No Alarms, No Surprises

Topics: Marriage, Husband, Wife Pages: 4 (1342 words) Published: May 6, 2013
Faiyz Siraj #6110991
Professor Bider
29 April 2013
The Frivolous Obsession of the Hobbling Creature in “Shiloh” The short story “Shiloh”, which has a partially omniscient narrator, is written by Bobbie Ann Mason. It is about a failing relationship of a couple who has been together for 15 years. After an accident Leroy Moffit, a truck driver, finally returns home, expecting to spend time with his wife Norma Jean and he is determined to build her a log cabin. However, things go wrong when Leroy realizes that his wife is slowly driving away from him. As the husband and wife switches gender role, Norma Jean becomes the breadwinner in the house; and Leroy unable to understand what Norma Jean wants, still stubbornly tries to build her a to a log cabin until the very end of the relationship when Norma Jean declares she wants to leave him. Leroy suddenly understands that his wife wants to leave him because of this refusal to adapt to modernity- to reality, but he hobbles toward his wife and proves to the readers yet again that he is a broken, hobbling creature who will never understand the inner workings of things. Even if Leroy’s relationship with his wife was not completely fine before the accident, it was not dysfunctional either. It’s the accident that has brings a major change in Leroy’s life and is ultimately the indirect cause which leads to Norma Jean wanting to leave him. Before the accident, when Leroy was the breadwinner of the house, he maintained the structural authority in the house. He had a fine relationship with his wife too. They used to watch TV in bed and play cards. She used to cook all his favorite food. But since the accident things have changed. It starts with Leroy’s physical therapy which “prompted Norma Jean to try building herself”. A casual form of self-improvement initiated, yet a powerful indication of things to come. Norma Jean slowly becomes the “man” in the house in every aspect. In the...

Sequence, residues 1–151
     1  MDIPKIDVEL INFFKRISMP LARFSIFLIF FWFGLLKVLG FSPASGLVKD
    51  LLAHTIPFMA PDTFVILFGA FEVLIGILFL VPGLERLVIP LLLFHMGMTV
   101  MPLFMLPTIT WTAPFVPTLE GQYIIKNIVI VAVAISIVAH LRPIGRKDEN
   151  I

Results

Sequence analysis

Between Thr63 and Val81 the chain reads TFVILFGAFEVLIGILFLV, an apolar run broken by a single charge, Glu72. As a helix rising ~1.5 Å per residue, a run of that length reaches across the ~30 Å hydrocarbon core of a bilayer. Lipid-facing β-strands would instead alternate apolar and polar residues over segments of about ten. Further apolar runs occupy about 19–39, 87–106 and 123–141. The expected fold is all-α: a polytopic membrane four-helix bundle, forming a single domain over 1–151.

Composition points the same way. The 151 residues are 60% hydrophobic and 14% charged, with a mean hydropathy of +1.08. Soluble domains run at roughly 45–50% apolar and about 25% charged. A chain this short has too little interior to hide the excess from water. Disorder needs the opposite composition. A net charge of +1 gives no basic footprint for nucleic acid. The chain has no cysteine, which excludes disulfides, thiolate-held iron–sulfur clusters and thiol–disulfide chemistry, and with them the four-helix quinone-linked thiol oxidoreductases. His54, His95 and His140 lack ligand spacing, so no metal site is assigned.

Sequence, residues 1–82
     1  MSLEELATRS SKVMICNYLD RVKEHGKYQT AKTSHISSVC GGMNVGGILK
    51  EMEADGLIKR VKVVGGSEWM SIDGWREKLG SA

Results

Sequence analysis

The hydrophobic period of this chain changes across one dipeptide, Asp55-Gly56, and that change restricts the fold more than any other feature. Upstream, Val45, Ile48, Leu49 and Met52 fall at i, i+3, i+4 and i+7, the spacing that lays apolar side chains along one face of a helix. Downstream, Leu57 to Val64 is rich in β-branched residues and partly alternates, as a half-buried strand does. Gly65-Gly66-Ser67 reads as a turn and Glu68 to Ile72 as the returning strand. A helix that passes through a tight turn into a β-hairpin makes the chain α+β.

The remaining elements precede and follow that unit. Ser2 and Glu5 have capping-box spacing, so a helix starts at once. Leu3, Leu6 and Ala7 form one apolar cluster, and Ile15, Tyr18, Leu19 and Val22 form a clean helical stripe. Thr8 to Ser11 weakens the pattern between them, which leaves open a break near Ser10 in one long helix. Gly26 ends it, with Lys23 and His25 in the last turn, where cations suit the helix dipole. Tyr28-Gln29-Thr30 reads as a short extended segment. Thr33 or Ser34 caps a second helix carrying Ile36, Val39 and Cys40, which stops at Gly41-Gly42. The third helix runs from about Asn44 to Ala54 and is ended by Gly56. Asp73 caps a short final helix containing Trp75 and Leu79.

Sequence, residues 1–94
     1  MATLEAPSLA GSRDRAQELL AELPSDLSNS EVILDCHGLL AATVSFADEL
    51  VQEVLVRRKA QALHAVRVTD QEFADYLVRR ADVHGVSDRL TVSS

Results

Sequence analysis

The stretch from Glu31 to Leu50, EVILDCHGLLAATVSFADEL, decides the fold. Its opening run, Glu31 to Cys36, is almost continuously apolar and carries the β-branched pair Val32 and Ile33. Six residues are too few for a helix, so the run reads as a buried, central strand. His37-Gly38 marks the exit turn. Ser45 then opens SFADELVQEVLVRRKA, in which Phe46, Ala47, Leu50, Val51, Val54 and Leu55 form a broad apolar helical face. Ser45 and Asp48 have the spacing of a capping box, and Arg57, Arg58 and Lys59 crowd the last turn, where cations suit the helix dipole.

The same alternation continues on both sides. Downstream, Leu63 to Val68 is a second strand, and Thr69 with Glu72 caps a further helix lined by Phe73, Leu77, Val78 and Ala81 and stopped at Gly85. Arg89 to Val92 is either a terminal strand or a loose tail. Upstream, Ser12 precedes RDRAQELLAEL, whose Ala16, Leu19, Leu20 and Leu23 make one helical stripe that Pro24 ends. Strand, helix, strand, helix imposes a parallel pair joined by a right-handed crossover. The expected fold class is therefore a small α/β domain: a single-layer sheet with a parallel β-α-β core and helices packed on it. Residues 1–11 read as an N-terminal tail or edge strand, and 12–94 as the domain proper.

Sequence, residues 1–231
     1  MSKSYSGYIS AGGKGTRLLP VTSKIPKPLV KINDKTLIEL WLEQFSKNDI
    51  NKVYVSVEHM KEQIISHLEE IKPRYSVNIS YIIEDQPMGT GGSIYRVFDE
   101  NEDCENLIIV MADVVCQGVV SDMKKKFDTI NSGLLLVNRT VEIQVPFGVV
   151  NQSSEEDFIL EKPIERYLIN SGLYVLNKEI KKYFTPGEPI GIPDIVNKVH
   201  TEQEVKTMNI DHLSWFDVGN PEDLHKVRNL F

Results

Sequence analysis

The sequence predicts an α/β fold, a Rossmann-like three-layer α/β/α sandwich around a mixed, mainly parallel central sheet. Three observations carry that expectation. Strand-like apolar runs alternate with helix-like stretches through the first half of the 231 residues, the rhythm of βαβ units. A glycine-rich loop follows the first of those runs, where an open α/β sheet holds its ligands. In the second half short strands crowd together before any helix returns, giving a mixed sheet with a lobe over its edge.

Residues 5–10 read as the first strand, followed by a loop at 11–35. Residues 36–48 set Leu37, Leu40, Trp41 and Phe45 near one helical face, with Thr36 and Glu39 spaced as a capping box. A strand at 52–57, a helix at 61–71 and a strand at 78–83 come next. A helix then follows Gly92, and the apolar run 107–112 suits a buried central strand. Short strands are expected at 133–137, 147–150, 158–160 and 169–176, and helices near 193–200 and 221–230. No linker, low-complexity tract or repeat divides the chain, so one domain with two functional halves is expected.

Cited: Mason, Bobbie. “Shiloh”. The Story and It’s Writer: An Introduction to fiction. Ed. Anne Charters. 8thed. Boston: Bedford, St Martin, 2011. 542-52. Print.
Bolt, David. "The Starfish Paradigm: Impairment, Disability, And Characterization In Bobbie Ann Mason 's "Shiloh.." Midwest Quarterly 52.1 (2010): 11-30. Academic Search Complete. Web. 29 Apr. 2013.
Bentley, Greg. "The Wounded King: Bobbie Ann Mason 's "Shiloh" And Marginalized Male Subjectivity." Southern Literary Journal 37.1 (2004): 144-161. Academic Search Complete. Web. 29 Apr. 2013.
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